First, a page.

Citing the Parker Master Plan's vision of making homeownership more available and the pending construction of approximately 2,000 new apartment units, Parker Town Council passed an ordinance Jan. 17 requiring developers to significantly change the …
Citing the Parker Master Plan's vision of making homeownership more available and the pending construction of approximately 2,000 new apartment units, Parker Town Council passed an ordinance Jan. 17 requiring developers to significantly change the way they design and plan new apartment complexes.
The ordinance requires developers to “map” multifamily apartment units as condominiums, providing a plan as to how the rental apartments could be converted to for-sale condos. It also limits the height of new buildings within 50 feet of a single family home to 30 feet, effectively capping new buildings in that range at two stories.
The ordinance passed by a 4-2 vote, with councilmembers Josh Martin, Joshua Rivero, John Diak and Amy Holland voting in favor and councilmembers Debbie Lewis and Renee Williams voting no. Mayor Mike Waid only votes in cases of a tiebreaker.
During the meeting, Rivero said many seniors can't afford to downsize their homes and the ordinance would ensure availability of condos for purchase after the town is more completely built out.
“We are running out of inventory,” Rivero said.
But critics of the ordinance, including Diane Leavesley, executive director of the Douglas County Housing Partnership, said the ordinance won't accomplish that goal.
“It's adding costs and not really solving their problem,” Leavesley said. “Doing what they're doing isn't making it any easier to build condominiums.”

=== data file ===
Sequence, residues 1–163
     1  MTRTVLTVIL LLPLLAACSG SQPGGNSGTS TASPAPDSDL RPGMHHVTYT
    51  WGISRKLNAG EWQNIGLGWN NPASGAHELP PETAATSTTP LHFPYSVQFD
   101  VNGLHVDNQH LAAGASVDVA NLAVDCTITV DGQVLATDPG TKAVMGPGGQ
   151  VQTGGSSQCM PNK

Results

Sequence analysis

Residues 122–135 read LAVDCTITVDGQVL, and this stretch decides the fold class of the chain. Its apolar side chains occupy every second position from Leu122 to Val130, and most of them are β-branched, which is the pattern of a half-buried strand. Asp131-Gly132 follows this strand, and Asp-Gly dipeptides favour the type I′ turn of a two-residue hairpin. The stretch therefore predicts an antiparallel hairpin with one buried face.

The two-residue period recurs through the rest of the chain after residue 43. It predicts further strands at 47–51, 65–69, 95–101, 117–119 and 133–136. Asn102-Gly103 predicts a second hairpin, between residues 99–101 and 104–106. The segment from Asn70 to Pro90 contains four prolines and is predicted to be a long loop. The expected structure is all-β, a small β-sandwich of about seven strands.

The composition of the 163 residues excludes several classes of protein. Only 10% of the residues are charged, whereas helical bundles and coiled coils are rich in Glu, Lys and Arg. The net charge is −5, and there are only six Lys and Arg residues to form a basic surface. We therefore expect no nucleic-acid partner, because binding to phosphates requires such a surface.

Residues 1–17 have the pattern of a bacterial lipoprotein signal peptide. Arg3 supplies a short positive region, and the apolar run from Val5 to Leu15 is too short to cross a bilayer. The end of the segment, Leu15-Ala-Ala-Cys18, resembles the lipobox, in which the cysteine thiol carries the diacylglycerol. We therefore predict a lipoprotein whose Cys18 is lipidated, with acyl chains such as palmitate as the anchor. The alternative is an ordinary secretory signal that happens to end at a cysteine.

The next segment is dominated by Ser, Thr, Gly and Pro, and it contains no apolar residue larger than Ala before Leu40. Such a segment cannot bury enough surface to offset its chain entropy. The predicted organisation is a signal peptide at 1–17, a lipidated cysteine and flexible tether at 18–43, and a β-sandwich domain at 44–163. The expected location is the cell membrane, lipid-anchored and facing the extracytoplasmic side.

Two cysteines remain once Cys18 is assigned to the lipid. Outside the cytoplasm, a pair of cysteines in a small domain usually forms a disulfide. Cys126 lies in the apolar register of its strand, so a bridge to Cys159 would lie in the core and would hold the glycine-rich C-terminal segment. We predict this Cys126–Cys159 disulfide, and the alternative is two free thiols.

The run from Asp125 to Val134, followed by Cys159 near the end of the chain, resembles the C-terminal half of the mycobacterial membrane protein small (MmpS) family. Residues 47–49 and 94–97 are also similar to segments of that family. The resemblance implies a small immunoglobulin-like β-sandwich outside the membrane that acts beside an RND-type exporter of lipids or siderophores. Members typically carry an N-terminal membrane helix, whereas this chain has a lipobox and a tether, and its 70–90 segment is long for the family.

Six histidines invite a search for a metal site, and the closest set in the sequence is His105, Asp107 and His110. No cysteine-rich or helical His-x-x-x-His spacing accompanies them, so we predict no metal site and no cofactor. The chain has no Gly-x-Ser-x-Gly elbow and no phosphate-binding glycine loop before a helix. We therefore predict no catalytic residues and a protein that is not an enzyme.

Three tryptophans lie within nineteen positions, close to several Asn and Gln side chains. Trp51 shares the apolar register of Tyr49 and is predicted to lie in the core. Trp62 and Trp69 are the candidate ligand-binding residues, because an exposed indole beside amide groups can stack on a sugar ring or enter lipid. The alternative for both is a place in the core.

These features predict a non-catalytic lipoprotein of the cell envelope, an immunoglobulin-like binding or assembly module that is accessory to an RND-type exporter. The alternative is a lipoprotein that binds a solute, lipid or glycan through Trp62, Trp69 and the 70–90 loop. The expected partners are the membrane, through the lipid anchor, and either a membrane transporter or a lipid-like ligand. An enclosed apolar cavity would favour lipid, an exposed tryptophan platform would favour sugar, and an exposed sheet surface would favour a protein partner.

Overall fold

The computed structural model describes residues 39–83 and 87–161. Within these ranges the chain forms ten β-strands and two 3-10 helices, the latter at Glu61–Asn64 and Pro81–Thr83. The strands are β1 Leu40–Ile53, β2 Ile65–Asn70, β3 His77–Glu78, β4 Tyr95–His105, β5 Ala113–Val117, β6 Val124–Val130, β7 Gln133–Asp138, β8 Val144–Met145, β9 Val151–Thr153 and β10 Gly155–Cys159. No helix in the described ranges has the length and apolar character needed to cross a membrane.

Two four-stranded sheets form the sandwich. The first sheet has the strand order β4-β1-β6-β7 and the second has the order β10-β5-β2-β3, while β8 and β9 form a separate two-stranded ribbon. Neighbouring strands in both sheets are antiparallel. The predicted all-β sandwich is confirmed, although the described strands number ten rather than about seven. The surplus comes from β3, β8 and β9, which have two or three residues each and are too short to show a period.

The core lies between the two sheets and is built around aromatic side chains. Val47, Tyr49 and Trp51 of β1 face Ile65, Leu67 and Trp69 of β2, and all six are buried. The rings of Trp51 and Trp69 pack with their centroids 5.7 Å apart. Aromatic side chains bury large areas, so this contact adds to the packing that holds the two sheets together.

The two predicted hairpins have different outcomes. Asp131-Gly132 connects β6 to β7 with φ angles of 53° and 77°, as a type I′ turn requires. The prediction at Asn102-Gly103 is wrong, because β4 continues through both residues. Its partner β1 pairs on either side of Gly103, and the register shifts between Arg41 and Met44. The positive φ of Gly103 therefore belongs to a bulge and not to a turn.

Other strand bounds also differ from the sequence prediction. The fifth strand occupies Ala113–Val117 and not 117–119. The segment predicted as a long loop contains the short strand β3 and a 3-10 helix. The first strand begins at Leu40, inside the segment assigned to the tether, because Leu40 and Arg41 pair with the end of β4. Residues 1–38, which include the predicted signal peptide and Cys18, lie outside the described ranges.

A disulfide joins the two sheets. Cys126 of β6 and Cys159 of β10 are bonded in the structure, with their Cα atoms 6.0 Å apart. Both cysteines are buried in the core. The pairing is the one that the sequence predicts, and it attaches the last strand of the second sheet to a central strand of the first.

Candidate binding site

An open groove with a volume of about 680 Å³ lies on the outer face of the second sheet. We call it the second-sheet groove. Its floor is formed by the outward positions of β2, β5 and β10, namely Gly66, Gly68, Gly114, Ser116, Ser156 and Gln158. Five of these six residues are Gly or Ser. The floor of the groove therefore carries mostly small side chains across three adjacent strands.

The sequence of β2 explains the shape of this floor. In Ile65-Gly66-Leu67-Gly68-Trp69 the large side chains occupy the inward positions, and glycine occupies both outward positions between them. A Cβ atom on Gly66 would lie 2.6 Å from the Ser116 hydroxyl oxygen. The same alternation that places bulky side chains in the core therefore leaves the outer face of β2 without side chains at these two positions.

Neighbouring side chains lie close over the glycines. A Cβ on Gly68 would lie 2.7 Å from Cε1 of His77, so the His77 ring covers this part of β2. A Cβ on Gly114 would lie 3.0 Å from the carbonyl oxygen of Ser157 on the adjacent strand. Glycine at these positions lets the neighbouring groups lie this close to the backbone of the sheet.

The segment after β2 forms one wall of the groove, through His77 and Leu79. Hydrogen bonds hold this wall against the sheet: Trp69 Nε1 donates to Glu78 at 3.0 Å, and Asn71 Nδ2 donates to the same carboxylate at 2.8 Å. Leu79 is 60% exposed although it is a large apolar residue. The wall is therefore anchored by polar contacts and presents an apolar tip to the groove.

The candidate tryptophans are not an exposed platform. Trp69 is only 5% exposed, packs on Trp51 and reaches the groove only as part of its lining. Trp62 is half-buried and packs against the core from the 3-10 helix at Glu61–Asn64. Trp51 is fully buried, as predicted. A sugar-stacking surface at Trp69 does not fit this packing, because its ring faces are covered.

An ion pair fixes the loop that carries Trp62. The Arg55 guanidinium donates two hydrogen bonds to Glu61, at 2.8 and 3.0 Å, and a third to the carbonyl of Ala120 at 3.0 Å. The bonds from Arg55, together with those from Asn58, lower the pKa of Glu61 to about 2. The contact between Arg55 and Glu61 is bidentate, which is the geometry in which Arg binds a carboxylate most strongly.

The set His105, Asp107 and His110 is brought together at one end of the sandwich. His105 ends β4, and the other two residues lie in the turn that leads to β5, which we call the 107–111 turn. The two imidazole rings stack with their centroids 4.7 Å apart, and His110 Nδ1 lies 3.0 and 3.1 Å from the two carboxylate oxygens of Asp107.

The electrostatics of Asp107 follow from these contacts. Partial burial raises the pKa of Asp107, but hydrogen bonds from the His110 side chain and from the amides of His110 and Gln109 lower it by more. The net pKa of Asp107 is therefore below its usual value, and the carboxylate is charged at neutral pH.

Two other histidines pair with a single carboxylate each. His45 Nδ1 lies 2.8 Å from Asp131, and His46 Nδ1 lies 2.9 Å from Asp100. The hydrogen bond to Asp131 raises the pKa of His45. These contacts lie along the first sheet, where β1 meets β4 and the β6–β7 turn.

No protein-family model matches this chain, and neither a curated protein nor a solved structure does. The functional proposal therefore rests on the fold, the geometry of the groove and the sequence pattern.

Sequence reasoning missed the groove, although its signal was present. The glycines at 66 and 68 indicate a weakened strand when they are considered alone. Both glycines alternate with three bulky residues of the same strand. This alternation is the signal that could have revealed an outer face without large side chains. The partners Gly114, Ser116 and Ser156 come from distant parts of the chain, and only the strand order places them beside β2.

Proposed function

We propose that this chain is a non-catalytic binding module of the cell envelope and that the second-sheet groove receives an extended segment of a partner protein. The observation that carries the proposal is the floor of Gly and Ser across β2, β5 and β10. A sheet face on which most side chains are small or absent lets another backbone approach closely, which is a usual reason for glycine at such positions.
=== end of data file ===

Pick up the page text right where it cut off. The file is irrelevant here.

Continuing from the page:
The Parker Chronicle reached out to Rivero and the other five council members by telephone and email to respond to questions about the ordinance. They deferred to Waid, who answered by email.
“The process to create a condominium map is not costly,” Waid wrote, and it would provide an option for units to be converted in the future.
Speakers and councilmembers Martin and Rivero acknowledged that the reason condos aren't being built in Colorado is so-called “construction defect” legislation that makes insuring condos prohibitively expensive. But Waid saidin the emailthat once the state addresses the “flawed construction defect legislation” mapping apartments as condos would “provide an easier path to conversion to for-sale product.”
Leavesley agreed that it is “almost impossible” to build condos because of construction defect laws, but she disputed Waid's take on mapping costs, and said there is no guarantee any apartments would ever be converted.
Affordable housing complexes, for example, typically remain apartments for at least 30 to 40 years, and other developers prefer to rent out units for the income rather than sell them, she said Leavesley noted that adding costs on the front end of a project would cost builders money that could otherwise be used to reinvest in building repairs and improvements.
“There's a misconception that projects would be capable of handling the additional costs — that's not the case.” Leavesly said. “It won't get (the council) what they want and it's money that could be better spent.”